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Laryngoscope. 2013 Jul;123(7):1694-703. doi: 10.1002/lary.23879. Epub 2013 Jan 31.

Polycaprolactone spheres and theromosensitive Pluronic F127 hydrogel for vocal fold augmentation: in vivo animal study for the treatment of unilateral vocal fold palsy.

Author information

1
Department of Otorhinolaryngology-Head and Neck Surgery, Dongguk University Ilsan Hospital, Goyang, Republic of Korea. otolarynx@daum.net

Abstract

OBJECTIVES/HYPOTHESIS:

The purpose of this study was to explore a novel strategy to restore vocal gap by using polycaprolactone (PCL) spheres with thermosensitive Pluronic F127 in a paralyzed rabbit vocal fold.

STUDY DESIGN:

In vivo study using a rabbit model.

METHODS:

The PCL spheres were fabricated by an isolated particle-melting method. The PCL spheres/Pluronic F127 gel mixture was prepared by a simple mixture of PCL and Pluronic F127 solution. We used 33 New Zealand white rabbits, which were divided into normal (n = 3), vocal fold palsy (VFP, n = 12), PCL/Pluronic F127 gel mixture (PCL, n = 12), and Radiesse (n = 6) groups. After unilateral recurrent laryngeal nerve section, PCL or Radiesse were injected into paralyzed vocal folds. Laryngoscopic exams were performed 1, 2, 4, and 12 weeks after implantation; then larynx specimens were sampled. High-speed camera recording of vocal fold vibration and evaluation by videokymography were performed. Open quotient and asymmetric index were calculated. We evaluated the volume of the implants over time and investigated histologic changes.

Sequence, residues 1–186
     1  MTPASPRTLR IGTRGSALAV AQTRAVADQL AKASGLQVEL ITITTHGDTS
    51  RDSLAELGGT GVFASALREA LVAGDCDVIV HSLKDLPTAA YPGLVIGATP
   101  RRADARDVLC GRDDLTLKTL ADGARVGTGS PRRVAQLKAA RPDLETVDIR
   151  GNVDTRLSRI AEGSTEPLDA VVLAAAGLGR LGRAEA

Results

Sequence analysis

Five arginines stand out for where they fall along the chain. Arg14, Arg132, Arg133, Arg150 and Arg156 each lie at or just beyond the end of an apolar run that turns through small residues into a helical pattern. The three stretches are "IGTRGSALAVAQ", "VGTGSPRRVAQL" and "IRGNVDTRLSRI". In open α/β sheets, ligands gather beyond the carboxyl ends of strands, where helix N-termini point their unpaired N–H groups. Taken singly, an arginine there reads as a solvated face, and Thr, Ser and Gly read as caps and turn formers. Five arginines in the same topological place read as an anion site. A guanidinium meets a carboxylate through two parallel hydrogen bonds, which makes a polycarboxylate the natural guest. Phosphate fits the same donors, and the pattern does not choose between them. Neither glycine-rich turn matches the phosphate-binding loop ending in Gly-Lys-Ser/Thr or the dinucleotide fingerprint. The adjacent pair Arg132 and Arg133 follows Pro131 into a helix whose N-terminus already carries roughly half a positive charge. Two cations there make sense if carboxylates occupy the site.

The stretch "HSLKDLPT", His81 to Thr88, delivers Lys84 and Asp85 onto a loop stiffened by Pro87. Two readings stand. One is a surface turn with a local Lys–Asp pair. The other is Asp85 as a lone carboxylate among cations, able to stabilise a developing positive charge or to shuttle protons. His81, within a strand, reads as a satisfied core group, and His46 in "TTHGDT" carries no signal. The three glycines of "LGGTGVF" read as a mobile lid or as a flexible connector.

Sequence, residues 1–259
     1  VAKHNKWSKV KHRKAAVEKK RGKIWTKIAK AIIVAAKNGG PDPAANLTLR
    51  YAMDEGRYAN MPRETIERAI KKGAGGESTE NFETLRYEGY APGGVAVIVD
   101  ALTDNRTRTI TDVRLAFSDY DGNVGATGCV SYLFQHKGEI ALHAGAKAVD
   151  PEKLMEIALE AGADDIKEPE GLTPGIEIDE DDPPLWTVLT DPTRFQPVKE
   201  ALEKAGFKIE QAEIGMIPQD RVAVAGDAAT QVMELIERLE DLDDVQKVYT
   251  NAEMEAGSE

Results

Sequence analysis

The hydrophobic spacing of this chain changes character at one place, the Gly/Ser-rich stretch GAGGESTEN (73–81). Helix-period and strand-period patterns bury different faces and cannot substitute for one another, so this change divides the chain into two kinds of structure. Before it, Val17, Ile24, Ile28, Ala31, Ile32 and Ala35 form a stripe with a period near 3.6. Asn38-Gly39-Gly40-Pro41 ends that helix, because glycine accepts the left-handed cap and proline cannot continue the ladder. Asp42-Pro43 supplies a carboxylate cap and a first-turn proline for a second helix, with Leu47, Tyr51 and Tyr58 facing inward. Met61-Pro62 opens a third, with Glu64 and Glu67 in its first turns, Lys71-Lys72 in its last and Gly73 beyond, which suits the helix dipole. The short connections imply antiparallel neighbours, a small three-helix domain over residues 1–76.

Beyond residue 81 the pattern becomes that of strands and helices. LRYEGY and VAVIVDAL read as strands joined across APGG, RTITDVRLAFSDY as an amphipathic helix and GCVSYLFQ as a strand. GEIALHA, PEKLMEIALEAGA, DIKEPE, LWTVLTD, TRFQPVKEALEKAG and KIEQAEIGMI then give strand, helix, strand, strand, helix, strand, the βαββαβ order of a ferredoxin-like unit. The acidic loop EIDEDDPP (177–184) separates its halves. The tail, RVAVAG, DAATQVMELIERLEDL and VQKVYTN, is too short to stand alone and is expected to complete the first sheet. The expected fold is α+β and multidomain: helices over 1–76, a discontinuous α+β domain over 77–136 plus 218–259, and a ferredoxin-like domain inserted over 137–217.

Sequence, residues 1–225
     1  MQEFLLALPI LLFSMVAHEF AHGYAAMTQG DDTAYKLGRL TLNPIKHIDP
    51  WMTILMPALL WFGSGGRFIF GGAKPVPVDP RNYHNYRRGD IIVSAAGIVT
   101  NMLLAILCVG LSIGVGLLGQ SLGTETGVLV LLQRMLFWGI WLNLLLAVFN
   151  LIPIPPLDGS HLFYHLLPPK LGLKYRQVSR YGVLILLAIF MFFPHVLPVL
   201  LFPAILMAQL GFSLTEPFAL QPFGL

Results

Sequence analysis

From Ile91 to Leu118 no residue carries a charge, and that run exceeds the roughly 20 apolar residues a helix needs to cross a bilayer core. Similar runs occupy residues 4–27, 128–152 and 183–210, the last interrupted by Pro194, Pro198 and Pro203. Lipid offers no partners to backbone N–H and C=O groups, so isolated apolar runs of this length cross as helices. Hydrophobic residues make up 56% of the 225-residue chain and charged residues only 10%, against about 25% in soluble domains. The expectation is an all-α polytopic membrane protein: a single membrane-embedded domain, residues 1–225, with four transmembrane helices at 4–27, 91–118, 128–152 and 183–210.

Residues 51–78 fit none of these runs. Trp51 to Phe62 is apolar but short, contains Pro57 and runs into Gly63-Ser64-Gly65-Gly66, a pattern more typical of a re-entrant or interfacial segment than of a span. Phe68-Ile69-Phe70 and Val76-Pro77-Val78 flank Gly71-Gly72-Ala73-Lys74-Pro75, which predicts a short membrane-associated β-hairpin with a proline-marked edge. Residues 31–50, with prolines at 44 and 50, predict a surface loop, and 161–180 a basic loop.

RESULTS:

Endoscopic analysis showed that PCL/Pluronic F127 gel mixture maintained its volume without migration or inflammatory response. Vocal fold gap decreased and asymmetric vocal fold movement was improved compared with the VFP group. Histologically, connective tissue growth was observed between the spheres. The remaining volume of injected material was greater than the Radiesse group, without statistical significance.

CONCLUSIONS:

Locally injected PCL/Pluronic F127 can enhance glottal contact, suggesting it as a potential new therapeutic approach that may lead to better treatment of vocal fold palsy.

PMID:
23371920
DOI:
10.1002/lary.23879
[Indexed for MEDLINE]

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